Since 2006, our lives have taken paths we never anticipated, and sometimes didn’t want. Nonetheless, speaking for myself, it’s been a great adventure. The kind I hope and pray our granddaughters and grandson have as well.

Thanks for visiting today!
Elouise

© Elouise Renich Fraser, 27 February 2020
Photos taken by DAFraser at Longwood Gardens, April 2006 

On a cold morning

Like clockwork
On a cold morning
in February
the air comes alive

Fluttering wings
and hopeful
wannabes
strut their sweetest songs

A maybe pair
of small song sparrows
flits from twig to twig
male in patient pursuit

While nearby
streaking through air
landing on a dime
and taking off again

beak stuffed with
twigs and detritus
a tireless common pigeon
weaves a crude nest

Fragile hope springs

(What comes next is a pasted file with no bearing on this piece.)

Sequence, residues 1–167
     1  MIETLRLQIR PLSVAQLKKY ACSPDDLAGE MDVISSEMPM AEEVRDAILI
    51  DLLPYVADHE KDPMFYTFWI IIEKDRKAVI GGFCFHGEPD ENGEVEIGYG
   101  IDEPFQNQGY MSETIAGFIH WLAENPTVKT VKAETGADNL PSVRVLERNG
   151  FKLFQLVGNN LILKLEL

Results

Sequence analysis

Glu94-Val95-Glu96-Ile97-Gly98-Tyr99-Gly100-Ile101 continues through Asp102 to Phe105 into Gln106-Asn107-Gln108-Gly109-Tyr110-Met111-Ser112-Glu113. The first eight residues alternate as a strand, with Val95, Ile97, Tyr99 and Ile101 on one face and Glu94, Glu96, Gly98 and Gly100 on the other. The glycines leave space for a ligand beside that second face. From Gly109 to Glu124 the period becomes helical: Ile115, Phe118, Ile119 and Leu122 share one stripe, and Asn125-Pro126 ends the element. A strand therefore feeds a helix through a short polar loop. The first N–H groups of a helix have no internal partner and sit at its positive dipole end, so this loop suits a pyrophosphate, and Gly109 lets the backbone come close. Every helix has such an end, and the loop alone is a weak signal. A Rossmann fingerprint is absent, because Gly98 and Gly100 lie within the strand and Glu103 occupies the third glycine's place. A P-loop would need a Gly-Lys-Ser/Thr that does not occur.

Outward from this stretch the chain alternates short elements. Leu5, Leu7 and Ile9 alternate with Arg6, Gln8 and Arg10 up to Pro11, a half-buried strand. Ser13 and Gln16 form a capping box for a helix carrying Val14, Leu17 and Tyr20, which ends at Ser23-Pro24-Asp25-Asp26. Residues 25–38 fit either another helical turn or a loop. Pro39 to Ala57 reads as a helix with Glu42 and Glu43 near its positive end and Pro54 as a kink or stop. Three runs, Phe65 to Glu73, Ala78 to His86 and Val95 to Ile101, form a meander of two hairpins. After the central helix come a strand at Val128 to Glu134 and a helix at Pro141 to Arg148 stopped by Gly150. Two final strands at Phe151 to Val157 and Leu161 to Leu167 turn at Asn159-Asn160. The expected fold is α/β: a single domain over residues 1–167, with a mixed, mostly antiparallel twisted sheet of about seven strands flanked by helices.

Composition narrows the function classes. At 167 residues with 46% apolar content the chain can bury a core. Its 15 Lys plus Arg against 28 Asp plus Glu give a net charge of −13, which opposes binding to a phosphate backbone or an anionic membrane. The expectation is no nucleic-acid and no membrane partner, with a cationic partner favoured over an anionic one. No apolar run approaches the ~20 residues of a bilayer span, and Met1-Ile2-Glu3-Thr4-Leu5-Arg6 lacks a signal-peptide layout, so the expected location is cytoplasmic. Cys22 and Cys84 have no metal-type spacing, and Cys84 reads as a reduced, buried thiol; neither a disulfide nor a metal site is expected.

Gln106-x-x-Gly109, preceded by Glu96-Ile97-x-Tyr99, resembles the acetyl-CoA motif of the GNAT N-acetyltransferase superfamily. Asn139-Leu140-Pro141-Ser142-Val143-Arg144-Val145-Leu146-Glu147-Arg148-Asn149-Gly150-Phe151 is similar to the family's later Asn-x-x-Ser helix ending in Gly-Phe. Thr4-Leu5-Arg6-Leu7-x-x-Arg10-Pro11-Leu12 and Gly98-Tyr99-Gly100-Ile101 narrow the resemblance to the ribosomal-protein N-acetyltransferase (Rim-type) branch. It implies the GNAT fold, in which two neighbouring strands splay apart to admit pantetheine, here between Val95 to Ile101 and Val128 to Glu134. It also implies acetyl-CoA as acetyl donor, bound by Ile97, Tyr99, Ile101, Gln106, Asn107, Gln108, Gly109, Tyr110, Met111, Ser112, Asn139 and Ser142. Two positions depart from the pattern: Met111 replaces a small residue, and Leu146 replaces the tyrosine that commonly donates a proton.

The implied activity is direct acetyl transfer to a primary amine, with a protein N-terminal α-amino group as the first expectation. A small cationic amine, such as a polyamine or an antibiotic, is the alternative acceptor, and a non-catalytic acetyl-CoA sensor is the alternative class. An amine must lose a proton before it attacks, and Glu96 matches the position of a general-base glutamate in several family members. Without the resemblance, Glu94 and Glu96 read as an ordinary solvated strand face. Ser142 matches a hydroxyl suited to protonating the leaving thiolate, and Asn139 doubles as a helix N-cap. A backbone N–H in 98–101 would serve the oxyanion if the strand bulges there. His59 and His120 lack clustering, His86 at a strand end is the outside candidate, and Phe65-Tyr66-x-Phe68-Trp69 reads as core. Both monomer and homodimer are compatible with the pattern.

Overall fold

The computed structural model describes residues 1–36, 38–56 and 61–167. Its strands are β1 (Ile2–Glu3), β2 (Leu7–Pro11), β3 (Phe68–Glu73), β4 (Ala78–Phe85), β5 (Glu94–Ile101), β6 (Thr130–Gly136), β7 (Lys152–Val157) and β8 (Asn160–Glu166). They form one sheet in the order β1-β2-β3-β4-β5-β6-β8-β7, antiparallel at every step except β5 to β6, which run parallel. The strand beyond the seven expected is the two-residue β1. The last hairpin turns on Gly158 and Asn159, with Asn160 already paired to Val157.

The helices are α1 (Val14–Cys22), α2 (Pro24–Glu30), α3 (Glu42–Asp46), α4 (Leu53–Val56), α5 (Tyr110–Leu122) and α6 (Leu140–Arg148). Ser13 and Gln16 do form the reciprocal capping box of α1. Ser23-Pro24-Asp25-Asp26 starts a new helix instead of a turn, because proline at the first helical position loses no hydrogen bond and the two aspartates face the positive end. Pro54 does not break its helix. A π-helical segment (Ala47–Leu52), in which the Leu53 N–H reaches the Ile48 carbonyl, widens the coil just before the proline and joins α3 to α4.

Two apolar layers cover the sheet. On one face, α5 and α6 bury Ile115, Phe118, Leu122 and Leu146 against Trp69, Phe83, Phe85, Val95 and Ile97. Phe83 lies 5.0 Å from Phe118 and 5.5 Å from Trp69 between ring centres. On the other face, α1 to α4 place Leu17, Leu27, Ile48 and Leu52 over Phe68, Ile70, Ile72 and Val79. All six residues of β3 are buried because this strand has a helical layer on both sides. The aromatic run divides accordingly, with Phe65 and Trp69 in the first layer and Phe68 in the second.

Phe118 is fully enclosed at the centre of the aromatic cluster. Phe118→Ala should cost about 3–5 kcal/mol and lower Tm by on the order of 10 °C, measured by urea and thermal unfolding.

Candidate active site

from the ground
sending up small fireworks
of purple and gold

All seen in my backyard this weekend and this morning. I think I’ve got the pigeon nest spotted, just outside my kitchen window. They’re not the most exotic of birds, and their offspring look like awkward adolescents. Still, I’m won over by the parents’ loyalty and their remarkable ability to endure all kinds of weather without abandoning each other. All in my backyard.

Happy Monday!
Elouise

© Elouise Renich Fraser, 24 February 2020
Photo of wood pigeon nest found at commons.wikipedia.com

February’s lightness of being

Looking for just the right words
To convey lightness of being
Descending through rainbows
To the ground of our heaviness
Bent beneath cares and sorrows
Though the sun shines brightly
This first and only Monday morning
Of week three and counting down

How do we live with sinking feelings
As friends and strangers known
To us if not by us wither and pass
Beyond veils of mist and ashes
Dying quickly as lines form
At the rear and out of control
If not out of mind and time
Waiting to hear the bell toll